To what extent do pressure groups promote pluralist democracy?

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  • To What Extent  Do Pressure Groups Promote Pluralist Democracy?
    • They Do Promote Democracy
      • Groups are internally democratic in the sense that leaders are accountable to members.
      • There are groups for most groups of people or groups concerning most issues.
        • You can be part of more than one group.
      • They supplement electoral democracy; they keep government in touch with public opinion between elections and give a political voice to minority groups and articulate concerns that are overlooked by political parties.
      • They may have replace political parties as the main way in which people express their views- some pressure groups try to keep their membership about 1 million; more than the main political parties put together e.g. RSPB (1 million) and the NSPCC  (3 million).
      • Widens political participation- idea of grass-roots activism and decentralised organisation.
      • Education- promotes political debate, discussion and argument-improves the quality of public policy.
      • Take Some Power Away From The Government-to prevent an over mighty government; act as a check on government power and defend rights and freedoms. They are independent from the government
      • Maintain Stability-They provide a channel of communication between citizens and government- they help to uphold political stability by ensuring government responds to popular demands and concerns- function as a 'safety valve' in the political system.
    • They Don't Promote Democracy
      • Groups can be considered to not be internally democratic in the sense that leaders are not elected as pressure groups are not elected to work closely with government.
        • Some groups have more of an advantage than others, depending on if their aims match up with the aims of the government. This means some groups experience privileged government access and are put right at the centre of policy formulation and implementation.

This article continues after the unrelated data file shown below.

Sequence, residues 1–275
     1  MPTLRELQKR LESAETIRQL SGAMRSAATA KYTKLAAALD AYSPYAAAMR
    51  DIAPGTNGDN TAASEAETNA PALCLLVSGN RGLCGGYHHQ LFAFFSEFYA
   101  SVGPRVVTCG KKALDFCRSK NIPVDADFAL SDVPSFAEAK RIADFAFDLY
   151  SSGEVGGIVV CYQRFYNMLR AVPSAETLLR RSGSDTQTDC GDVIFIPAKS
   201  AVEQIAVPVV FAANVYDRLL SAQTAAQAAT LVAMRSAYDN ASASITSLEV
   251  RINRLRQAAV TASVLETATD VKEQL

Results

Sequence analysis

• Insider groups may not actually be representing the views the people are really interested in or really care about (as shown by pressure group membership e.g. Howard league for penal reform only have 3,000 members.
      • Some groups may be more powerful than others, not just because of their ideologies but because of their wealth or size aswell.
        • Wealth- Groups with a lot of wealth can hire professional lobbyists and PR consultants, putting them at an advantage to those groups who may not have such ability.
        • Size can have a huge effect; can mean you have more supporters, more people to go on marches and demonstrations (to represent you), get more money from subscriptions, can claim to represent public opinion if you have a lot of members.
          • Not all about size, e.g. Howard league for penal reform, all about the density e.g. BMA, trade unions have more members than the CBI but the latter is more powerful.
          • Chequebook groups-members are passive.
      • Highlighting minority views can lead to tyranny of the minority-the interests of minority groups prevailing over the interests of the mass of the public. Narrow self interest.
      • Undermines Parliament- They bypass the respresentative process, they make the policy process 'closed'- because decisions are made secretly and are not subject to public scrutiny.
    • Pluralism- Wide Dispersal of Power, no elite groups. Government is 'neutral' in he sense that it is willing to listen to any group or interest.


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